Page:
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Hudson-Mohawk Genealogical and Family Memoirs:
Geiger

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[This information is from Vol. IV, pp. 1608-1609 of Hudson-Mohawk Genealogical and Family Memoirs, edited by Cuyler Reynolds (New York: Lewis Historical Publishing Company, 1911). It is in the Reference collection of the Schenectady County Public Library at R 929.1 R45. Some of the formatting of the original, especially in lists of descendants, may have been altered slightly for ease of reading.]

Three generations of the Geiger family are herein recorded, each generation claiming a different country as a birthplace. George Geiger, grandfather of Albert Geiger, of Hudson, was a native of Poland, and fled an exile from his native land, taking refuge in Germany. He was a man of ability, and is supposed to have become implicated in some revolutionary movement that placed him under the ban of the government. He settled in the province of Würtemburg, Germany, where he lived and reared his family. He was twice married and one of his sons, John, was a noted sculptor of Munich, giving promise of becoming famous in his art, when he was stricken by death at the early age of twenty-five years. The only record of others of his family is of Leonard, founder of the American branch.

(II) Leonard, son of George Geiger, the Polish exile, was born in Würtemburg, Germany, October 23, 1829. He remained there until 1849 when, to avoid military service, he came to the United States. He was educated in the German schools, secured a good education and developed a strong genius for invention. He learned the trade of stone and marble cutting, but on his arrival in New York worked for a time for the Hudson River railroad. He did not long remain in that employ, but soon settled in Hudson, New York, where he followed his trade. In 1858 he formed a partnership with James N. Townsend and until 1870 operated a stone and marble yard, doing principally monumental work. In the year mentioned the partnership was dissolved and he continued the business alone for a year or two, then sold out to his former partner and retired from that line of business, devoting himself to his inventions. These included many articles of value which should have netted him a large fortune, but through the chicanery of those whom he trusted, he received only a small return for the product of genius. Two of his inventions were of the greatest value in military warfare and were universally adopted. His greatest, perhaps, was the breech-loading rifle which he brought out in 1864. While he was well-paid for his invention, the amount was but a trifle compared with the value of the invention. Those promoting the gun received large sums. Another invention was a copper-jacketed bullet, which is yet in use in several of the armies of the world. While his pay for this was to have been $30,000, he really received but a small stem, being swindled out of his right. Mr. Geiger was a Republican in politics, but extremely independent. He joined with the Liberal movement of 1872, and supported Horace Greeley for the presidency. After the overwhelming defeat of his favorite he took little interest in political affairs. Aside from one term as alderman of Hudson, he held no public office. He was reared in the Catholic faith, but after coming to the United States attended the Episcopal church, later becoming a follower of Robert Ingersoll. He was a member of the Masonic order, charter member of Aquilla Lodge of Hudson, also a Chapter Mason and a Knight Templar. He married, February 14, 1852, Margaret Firewig at Hudson, New York, who survives him, residing in Hudson. She was born in Nuremberg, Germany, and came to the United States in 1850. Children:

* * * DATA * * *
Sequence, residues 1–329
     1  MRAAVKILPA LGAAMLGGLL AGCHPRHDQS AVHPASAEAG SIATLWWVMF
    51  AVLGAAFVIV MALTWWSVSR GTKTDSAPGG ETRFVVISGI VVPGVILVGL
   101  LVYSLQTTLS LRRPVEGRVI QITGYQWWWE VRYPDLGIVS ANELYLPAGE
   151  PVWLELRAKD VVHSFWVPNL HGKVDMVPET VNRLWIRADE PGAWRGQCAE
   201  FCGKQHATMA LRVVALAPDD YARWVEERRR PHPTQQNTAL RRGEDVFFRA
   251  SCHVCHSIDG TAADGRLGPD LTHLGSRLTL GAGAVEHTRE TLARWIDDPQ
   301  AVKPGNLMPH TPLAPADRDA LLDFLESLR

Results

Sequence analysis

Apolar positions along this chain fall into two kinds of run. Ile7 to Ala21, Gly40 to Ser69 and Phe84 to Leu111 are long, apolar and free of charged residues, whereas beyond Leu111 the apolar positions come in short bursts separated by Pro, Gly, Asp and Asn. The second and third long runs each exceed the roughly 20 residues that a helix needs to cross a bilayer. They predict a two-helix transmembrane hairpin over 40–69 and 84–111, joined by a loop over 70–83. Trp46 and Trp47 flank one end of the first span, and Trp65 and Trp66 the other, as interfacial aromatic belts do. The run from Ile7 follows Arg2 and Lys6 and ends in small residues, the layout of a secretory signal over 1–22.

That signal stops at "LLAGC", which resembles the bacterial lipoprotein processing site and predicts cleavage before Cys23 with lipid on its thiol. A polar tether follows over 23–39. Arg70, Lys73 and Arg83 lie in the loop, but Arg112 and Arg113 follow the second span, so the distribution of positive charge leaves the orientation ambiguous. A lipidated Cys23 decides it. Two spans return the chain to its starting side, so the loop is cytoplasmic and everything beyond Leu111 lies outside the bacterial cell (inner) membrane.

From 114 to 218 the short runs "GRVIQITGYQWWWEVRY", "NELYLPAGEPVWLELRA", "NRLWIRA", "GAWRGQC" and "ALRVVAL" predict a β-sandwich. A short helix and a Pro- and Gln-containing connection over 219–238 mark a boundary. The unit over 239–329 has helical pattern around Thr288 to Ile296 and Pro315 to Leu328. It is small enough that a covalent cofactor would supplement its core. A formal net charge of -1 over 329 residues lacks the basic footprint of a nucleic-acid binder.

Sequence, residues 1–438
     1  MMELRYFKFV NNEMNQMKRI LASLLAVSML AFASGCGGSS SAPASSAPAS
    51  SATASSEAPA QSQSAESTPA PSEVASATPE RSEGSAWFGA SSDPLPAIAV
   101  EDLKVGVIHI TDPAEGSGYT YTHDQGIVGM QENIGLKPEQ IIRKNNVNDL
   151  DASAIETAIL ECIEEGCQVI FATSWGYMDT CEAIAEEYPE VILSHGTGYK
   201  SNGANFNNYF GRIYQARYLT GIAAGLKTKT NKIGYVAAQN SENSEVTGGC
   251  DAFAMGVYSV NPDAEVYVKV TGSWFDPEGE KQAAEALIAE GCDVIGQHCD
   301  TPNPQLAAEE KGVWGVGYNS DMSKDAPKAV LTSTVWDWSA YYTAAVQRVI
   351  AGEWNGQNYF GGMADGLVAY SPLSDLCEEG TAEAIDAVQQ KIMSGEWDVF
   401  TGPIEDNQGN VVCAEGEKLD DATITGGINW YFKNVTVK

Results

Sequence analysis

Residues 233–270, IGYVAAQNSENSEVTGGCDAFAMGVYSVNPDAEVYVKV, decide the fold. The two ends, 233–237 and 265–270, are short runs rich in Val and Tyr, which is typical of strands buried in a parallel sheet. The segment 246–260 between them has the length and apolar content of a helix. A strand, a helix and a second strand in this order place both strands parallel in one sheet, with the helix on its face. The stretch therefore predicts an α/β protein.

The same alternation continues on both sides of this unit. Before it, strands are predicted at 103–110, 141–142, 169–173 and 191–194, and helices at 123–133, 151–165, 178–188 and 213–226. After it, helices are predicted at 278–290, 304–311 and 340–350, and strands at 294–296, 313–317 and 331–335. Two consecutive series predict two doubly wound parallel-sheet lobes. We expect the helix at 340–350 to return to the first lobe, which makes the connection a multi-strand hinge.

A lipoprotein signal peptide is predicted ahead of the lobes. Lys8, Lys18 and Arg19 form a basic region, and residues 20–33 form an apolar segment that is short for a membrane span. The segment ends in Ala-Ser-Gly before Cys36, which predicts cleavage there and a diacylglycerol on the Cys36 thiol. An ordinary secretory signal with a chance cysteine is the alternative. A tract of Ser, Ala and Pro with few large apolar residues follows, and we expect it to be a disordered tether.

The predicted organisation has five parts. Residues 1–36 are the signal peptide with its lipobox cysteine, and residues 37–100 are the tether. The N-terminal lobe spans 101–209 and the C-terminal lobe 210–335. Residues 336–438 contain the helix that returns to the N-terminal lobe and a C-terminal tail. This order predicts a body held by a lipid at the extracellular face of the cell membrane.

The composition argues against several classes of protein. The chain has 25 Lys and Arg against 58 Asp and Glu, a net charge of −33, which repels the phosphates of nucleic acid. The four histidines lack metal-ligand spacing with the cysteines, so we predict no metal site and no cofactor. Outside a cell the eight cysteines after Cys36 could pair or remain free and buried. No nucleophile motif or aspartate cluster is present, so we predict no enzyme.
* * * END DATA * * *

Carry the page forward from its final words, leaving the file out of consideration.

1. Frederick, a resident of Hudson.
  2. Albert, of further mention.
  3. Emma, married Daniel W. Bugel; four children:
    1. Leonard G., married Mabel Hallenbeck, one child, Leonard;
    2. Daniel;
    3. Winifred and
    4. Gladys, twins.
  4. George W., born 1858, died 1869.
  5. Fannie, married Thomas J. Zimmer, of Poughkeepsie, New York; children: Thomas J., Margaret, Gertrude and Leonard G.
  6. Rosa (twin).
  7. Lillie (twin), married John Billingham.

(III) Albert, son of Leonard and Margaret (Firewig) Geiger, was born at Hudson, New York, January 25, 1854. He was educated in the public schools, and after completing his studies entered business life as a clerk, continuing as such in the dry goods business for eighteen years. In 1892 he entered the employ of the New York and Hudson Steamboat Company, and in 1895 was appointed general agent of the company, with headquarters at Hudson, which position he now holds (1911). He has served eight years in the National Guard, enlisting in the Twenty-third Separate Company as a charter member. He is a Republican in politics and served on the board of fire commissioners in 1906-07-08. He is an earnest worker for the good of the service in the Hudson fire department, which he joined in 1873, and is still on the roll (1911) of J. W. Hoysradt Hose and Chemical Company No. 8, and also was an active member of the Firemen Association of the State of New York in the early years of its existence, serving on many important committees. He is a member of the Masonic order, the Knights of Pythias and the order of Elks. He married, February 2, 1902, at Hudson, Ruth Ludlow, daughter of John Jessup, who died in 1857. During his earlier days Hudson was a great whaling port and Mr. Jessup sailed as a seaman on several whaling trips.

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